British libel laws are draconian. British people don't really have freedom of speech or a free press. If you want to say something that a rich person disagrees with (even if it's just daft stuff about famous people) it is very easy for them to bankrupt you in an English court.

Laughing at famous people is one thing but these libel laws become very problematic when they are used to suppress scientific discourse. Simon Singh, a respected popular science writer, wrote about several non-evidence-based claims that some chiropractors had made. The British Chiropractic Association then sued him for libel. They could have bankrupted them.

Thankfully the nefarious ploy of the BCA backfired. Anti-libel campaigners systematically reported British chiropractors to advertising watchdogs resulting in numerous fines for BCA members (who became slightly dischuffed with the BCA). On the 1st of April a sensible judge kicked the BCA libel case out of court and Singh walked free. A victory for common sense, science and freedom of speech.

I was fairly happy.

Sunday, April 04, 2010

Kick-ass the Movie

I collected all the individual Kick-Ass comics as they came out and I’ve been waiting to see this film for some time. It was worth the wait. The film is a massive ‘Fuck Off, You Cunts’ to the Daily Mail. It’s also highly entertaining.

Kick-Ass is a comic book film but it’s not for kids. It’s funny with some great character moments. It’s the story of an average school-kid who decides to become a superhero and gets beaten up a lot. He then becomes involved in a conflict between a couple of lunatics (Big Daddy and Hit Girl) and a gang of murderous drug-dealers.

The film is full of comedy violence and inappropriate swearing. It does jump the shark a few times, straying from creator Mark Millar’s vision of a ‘realistic’ superhero story but overall it’s great. Funnier than Watchmen. Worth seeing. The soundtrack was very good, making great use of remixed music from the the film Sunshine.

If you have seen the film, read the comic. It’s even better.

Glasgow Hinterland Festival 2010

This was my first visit to the Hinterland festival which I believe started up last year. The tickets were only £16 each which was great value. The bands were staged at several live venues around the city centre of Glasgow with the big acts playing in The Arches.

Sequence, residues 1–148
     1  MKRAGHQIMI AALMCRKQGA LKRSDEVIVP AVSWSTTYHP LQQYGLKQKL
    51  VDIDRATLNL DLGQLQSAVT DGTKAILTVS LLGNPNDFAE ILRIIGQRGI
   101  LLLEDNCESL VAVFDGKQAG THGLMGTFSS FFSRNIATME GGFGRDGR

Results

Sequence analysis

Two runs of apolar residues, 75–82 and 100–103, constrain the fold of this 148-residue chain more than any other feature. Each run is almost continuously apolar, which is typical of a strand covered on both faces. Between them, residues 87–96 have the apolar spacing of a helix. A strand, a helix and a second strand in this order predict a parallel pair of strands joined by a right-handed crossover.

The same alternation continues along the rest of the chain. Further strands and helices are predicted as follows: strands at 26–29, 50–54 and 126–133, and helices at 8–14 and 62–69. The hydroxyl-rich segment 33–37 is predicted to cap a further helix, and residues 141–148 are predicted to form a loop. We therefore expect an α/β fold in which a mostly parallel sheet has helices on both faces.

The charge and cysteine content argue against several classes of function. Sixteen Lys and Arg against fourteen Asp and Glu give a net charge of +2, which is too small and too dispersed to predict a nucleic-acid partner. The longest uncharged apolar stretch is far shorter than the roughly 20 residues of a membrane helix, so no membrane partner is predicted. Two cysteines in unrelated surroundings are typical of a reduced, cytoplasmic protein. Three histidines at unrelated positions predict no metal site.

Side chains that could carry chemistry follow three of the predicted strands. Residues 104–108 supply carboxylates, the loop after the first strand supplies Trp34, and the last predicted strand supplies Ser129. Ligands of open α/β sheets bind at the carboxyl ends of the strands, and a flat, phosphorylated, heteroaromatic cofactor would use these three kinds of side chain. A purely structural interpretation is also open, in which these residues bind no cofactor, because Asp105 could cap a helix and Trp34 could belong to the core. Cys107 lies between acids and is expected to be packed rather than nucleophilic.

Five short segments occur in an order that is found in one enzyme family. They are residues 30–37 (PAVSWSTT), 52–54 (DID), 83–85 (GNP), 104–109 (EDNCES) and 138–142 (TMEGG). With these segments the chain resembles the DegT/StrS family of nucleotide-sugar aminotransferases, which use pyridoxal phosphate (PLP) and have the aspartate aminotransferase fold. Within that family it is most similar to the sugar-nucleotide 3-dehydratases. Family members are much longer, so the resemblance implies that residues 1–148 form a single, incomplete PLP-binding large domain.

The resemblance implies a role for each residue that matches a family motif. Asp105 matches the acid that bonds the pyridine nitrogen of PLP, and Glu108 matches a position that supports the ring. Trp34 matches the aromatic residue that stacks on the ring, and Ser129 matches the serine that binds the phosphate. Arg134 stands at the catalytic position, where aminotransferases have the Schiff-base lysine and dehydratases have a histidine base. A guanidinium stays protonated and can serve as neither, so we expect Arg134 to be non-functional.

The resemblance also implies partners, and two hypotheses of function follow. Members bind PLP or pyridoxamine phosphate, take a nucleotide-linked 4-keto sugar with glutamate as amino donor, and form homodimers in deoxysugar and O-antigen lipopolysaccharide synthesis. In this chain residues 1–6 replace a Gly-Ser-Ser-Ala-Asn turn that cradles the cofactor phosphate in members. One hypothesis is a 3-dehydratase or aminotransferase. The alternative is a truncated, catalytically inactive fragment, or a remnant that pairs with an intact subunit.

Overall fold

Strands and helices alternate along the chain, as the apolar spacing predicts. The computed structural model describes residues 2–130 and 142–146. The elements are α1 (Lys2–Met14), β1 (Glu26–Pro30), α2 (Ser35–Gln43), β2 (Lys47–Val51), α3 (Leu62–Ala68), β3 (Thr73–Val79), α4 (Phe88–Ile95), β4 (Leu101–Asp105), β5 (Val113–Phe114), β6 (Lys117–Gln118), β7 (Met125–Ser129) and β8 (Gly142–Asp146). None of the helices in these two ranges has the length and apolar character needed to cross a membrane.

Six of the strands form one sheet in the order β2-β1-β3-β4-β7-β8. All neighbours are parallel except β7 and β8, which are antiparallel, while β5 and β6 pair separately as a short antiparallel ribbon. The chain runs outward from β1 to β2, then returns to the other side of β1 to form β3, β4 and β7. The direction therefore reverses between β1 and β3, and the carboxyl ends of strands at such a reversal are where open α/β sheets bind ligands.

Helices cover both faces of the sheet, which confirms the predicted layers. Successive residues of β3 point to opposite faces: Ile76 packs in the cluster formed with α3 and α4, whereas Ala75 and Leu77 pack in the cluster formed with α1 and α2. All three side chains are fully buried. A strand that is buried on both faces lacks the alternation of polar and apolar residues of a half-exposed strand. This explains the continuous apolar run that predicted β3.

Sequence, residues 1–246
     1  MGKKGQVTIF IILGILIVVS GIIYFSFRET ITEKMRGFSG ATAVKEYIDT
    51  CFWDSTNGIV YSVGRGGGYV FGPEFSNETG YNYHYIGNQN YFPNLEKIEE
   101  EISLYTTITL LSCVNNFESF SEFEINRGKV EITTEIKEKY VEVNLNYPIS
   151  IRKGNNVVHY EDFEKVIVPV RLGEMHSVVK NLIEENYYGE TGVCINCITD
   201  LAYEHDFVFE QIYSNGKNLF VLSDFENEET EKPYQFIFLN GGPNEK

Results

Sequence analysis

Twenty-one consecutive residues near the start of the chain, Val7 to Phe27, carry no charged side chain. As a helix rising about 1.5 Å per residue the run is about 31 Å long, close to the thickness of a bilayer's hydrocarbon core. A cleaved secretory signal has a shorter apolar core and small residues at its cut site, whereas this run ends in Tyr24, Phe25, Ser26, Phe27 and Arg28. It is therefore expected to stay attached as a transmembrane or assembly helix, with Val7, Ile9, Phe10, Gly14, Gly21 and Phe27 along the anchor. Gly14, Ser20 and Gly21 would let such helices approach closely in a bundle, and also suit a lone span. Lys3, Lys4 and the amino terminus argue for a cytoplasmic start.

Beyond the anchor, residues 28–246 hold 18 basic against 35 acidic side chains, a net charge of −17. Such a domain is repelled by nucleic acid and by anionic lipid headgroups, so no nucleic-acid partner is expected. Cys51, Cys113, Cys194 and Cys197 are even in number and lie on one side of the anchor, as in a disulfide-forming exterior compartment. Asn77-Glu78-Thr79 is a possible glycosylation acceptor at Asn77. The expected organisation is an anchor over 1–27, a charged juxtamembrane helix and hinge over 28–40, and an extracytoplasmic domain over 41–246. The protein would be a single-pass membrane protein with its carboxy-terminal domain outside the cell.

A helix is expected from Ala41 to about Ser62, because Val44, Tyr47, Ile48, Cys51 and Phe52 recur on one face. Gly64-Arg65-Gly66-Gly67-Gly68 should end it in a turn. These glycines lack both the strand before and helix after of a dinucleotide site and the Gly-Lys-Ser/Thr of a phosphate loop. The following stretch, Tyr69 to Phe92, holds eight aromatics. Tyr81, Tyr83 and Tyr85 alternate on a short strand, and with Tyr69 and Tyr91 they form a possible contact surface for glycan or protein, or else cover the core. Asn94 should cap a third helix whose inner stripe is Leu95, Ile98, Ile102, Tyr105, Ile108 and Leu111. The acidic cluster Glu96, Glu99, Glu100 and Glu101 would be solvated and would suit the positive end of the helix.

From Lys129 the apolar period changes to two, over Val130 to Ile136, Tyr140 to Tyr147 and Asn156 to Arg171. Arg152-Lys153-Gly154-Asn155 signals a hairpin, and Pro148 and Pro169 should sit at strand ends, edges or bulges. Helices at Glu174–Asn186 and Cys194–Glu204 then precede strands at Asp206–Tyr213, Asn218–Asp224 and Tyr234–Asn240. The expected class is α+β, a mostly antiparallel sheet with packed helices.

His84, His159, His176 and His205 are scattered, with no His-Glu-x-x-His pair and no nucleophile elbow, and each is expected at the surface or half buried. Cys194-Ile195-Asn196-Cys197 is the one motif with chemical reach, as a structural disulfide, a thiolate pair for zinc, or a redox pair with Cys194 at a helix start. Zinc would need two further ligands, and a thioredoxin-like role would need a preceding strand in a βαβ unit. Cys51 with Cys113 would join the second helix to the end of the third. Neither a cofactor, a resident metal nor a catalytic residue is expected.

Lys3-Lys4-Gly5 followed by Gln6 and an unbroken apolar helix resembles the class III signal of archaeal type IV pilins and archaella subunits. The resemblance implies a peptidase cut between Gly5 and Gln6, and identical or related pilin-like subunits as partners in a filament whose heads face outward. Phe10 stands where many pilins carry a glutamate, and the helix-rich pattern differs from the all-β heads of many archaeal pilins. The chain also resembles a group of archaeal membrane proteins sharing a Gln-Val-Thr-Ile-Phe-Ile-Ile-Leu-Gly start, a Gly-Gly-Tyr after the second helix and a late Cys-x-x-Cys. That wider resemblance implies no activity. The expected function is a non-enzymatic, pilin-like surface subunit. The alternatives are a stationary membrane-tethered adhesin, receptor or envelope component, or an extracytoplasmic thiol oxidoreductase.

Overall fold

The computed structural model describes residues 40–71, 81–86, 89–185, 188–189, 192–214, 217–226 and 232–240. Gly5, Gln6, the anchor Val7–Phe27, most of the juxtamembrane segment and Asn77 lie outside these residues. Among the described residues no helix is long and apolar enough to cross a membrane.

To be honest the only person that I was very interested in seeing was Jeffrey Lewis but I am always willing to experience new music. The first band that I saw in Ivory Blacks (the former Strawberry Fields) was Little Yellow Ukuleles, an extremely young looking group, who were competent if not exciting. I was wearing a Chumbawumba T-Shirt/Black Flag T-shirt that I’ve had since I was at school and I think my clothes were older than any member of the band. Scary thought.

The next band I watched was British Sea Power. I’m not in any way familiar with their stuff although I do know that they have something of a fan base. They just didn’t move me. They play competent, energetic indie rock but they said nothing new and their sound was fairly off-the-shelf. I didn’t hate them but I wouldn’t go to see them again or listen to their stuff through choice. Why listen to British Sea Power when you can listen to Philip Glass, Sonic Youth or Refused? Twenty thousand British Sea Power fans are shaking their heads in disgust…..

French Wives were much more exciting in every way. They are a funny looking (sorry) Glasgow indie band who seem to be mining a bit of a Nick Cave/Handsome Family vein. They have some bursts of brass instrumentation and they were showcasing a guest violinist who I hope stays with the band. Their last song sounded very like the Talking Heads and when I have time and money I will buy as many of their records as I can. A band to watch.

The final set that I watched was Jeffrey Lewis and it was definitely my personal highlight. I’ve been listening to his ’12 Crass songs’ record a lot for the past couple of years and I really enjoyed his Watchmen lecture thing at the GFT last year. This was the first time that I’ve been able to see him play music live and it was great. His songs are funny and philosophical. He’s fairly creative and he did a great audio-visual thing about the life of Sitting Bull and the plight of the Native Americans in the 19th century. It was much cooler than it sounds. He also performed an anti-mosquito gangsta rap thing and some other great folky numbers.

It was a good evening and well worth sixteen quid. If I can I’ll do it again next year.